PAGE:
Substantial completion is a crucial milestone on any project. It affects obligations, payment rights, and starts the clock on important deadlines.

Substantial completion marks the moment in a construction project when the owner can occupy or use the property for its intended purpose — even though some punch list items may remain. In many cases, substantial completion is used to calculate the deadlines for final payment, mechanics lien claims, and other rights and responsibilities for those who worked on the job.

Contractors need a firm understanding of substantial completion in order to ensure they get paid for their work. In this article, we’ll outline how you can review the contractual requirements for substantial completion, and we’ll explain the other aspects of project closeout that are closely related to substantial completion. 

Substantial completion is defined by the contract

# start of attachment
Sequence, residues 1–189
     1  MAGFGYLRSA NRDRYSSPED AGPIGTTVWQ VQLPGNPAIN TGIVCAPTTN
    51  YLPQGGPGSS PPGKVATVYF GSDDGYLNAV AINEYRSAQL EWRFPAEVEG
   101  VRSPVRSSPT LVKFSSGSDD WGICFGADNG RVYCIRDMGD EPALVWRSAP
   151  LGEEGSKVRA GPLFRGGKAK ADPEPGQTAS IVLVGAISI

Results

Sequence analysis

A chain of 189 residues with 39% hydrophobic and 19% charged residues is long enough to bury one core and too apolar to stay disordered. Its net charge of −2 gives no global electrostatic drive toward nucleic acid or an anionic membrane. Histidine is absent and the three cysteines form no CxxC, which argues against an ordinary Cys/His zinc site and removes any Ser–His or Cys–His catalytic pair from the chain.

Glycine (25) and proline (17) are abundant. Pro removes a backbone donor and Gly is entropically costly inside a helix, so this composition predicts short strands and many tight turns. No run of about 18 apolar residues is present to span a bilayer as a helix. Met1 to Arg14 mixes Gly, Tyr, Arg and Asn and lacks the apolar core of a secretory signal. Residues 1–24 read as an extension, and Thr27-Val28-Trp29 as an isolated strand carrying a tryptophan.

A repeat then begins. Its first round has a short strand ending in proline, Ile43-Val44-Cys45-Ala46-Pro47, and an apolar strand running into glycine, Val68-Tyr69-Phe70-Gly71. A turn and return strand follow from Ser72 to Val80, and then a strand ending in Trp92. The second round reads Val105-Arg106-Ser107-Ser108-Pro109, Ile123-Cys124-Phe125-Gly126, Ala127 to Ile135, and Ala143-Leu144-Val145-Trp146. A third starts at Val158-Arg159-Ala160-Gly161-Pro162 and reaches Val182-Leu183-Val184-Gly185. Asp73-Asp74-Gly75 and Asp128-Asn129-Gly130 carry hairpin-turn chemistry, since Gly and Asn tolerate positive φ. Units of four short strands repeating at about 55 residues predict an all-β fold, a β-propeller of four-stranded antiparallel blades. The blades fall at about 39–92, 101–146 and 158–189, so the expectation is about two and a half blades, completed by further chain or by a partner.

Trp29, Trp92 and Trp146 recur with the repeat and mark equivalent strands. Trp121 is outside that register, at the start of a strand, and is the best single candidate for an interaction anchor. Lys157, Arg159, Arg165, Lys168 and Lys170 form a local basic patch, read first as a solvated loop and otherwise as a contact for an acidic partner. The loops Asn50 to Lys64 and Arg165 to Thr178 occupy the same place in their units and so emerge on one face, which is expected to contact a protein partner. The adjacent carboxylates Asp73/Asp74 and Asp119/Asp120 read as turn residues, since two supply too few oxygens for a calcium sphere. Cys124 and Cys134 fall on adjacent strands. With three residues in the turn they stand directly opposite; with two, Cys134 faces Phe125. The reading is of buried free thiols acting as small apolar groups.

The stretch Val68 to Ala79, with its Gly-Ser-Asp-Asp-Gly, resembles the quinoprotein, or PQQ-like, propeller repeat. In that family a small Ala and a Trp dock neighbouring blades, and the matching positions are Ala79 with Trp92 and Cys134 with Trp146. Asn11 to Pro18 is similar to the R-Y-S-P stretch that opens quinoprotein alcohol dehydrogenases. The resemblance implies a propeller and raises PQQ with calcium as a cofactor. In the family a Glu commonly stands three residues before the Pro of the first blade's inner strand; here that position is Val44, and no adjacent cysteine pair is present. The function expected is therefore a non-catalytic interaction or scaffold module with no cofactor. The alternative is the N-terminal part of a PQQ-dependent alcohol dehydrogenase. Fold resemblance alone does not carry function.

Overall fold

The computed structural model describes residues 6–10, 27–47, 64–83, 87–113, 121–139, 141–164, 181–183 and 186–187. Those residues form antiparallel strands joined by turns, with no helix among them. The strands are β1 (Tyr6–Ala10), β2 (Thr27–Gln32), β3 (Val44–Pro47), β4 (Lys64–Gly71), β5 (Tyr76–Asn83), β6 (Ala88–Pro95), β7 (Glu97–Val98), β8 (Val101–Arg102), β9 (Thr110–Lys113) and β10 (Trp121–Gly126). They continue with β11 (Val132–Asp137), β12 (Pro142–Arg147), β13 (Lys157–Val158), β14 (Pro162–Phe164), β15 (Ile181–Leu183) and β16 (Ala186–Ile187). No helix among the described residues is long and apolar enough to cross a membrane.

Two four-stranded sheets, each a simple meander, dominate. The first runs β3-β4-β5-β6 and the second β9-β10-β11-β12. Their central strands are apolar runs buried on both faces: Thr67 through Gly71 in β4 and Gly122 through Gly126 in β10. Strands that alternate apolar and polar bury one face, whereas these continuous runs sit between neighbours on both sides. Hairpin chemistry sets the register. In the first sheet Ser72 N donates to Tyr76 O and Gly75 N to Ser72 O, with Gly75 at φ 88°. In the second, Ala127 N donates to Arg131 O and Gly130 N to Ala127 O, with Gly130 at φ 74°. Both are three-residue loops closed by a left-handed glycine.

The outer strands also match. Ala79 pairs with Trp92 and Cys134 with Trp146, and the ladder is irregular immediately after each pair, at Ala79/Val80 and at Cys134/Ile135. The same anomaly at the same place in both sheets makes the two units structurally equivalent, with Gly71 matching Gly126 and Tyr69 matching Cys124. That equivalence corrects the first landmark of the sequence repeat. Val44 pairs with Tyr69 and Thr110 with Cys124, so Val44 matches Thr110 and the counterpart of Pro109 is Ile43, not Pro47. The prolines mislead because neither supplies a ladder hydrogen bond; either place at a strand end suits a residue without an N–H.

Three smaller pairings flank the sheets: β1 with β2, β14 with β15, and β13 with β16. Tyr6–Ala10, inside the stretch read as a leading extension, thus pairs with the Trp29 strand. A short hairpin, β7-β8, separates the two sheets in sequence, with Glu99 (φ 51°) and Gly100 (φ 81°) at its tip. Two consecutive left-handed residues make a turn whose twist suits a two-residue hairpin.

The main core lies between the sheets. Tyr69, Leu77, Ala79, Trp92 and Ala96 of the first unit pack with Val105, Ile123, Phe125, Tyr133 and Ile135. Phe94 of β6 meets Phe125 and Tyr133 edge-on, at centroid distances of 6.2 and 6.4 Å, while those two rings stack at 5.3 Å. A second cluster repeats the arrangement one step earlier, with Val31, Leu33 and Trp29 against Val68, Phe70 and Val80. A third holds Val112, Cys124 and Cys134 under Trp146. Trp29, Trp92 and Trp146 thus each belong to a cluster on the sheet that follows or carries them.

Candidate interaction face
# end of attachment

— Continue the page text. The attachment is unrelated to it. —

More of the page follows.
One of the difficulties surrounding substantial completion is that the definition can vary from project to project. In essence, substantial completion occurs when there’s only minor, corrective, or warranty work remaining. 

The American Institute of Architects (AIA) offers this definition of substantial completion: “The stage in the progress of the work when the work or designated portion is sufficiently complete in accordance with the contract documents so that the owner can occupy or use the work for its intended purpose.”

Ultimately, contractors want to avoid situations where the moment of substantial completion is unclear, because final payment is often tied to substantial completion. 

Therefore, it’s best to review the contract carefully to ensure that substantial completion is clearly spelled out. In most cases, the best ways to define substantial completion are by tying it to a clear project milestone, like Certificate of Occupancy. Other common options include a Certificate of Substantial Completion or a Notice of Completion in the states that use such notices.